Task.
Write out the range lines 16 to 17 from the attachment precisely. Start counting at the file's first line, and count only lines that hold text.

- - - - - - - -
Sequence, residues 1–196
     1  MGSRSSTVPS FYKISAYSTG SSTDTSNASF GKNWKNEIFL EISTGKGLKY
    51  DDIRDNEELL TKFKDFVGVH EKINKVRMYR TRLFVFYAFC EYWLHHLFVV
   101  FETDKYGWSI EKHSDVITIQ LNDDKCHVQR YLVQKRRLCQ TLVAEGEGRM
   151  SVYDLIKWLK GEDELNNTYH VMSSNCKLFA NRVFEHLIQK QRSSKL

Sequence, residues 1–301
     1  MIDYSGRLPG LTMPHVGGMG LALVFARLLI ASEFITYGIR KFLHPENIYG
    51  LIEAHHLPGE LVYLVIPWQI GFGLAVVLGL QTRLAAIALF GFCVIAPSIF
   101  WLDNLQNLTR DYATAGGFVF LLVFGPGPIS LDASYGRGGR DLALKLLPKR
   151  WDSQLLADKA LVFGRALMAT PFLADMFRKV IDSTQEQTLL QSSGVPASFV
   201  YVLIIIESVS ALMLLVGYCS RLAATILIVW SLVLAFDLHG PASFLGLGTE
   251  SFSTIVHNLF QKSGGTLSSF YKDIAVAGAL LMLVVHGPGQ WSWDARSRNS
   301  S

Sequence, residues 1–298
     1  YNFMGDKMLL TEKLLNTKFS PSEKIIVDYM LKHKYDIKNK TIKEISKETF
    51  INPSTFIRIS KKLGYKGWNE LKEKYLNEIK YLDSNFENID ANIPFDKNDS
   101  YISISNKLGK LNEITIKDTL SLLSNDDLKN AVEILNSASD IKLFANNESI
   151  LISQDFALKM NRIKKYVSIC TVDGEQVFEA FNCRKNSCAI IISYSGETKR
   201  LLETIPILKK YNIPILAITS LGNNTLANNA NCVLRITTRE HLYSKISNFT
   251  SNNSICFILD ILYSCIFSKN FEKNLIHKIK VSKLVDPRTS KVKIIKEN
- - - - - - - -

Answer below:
    51  INPSTFIRIS KKLGYKGWNE LKEKYLNEIK YLDSNFENID ANIPFDKNDS
   101  YISISNKLGK LNEITIKDTL SLLSNDDLKN AVEILNSASD IKLFANNESI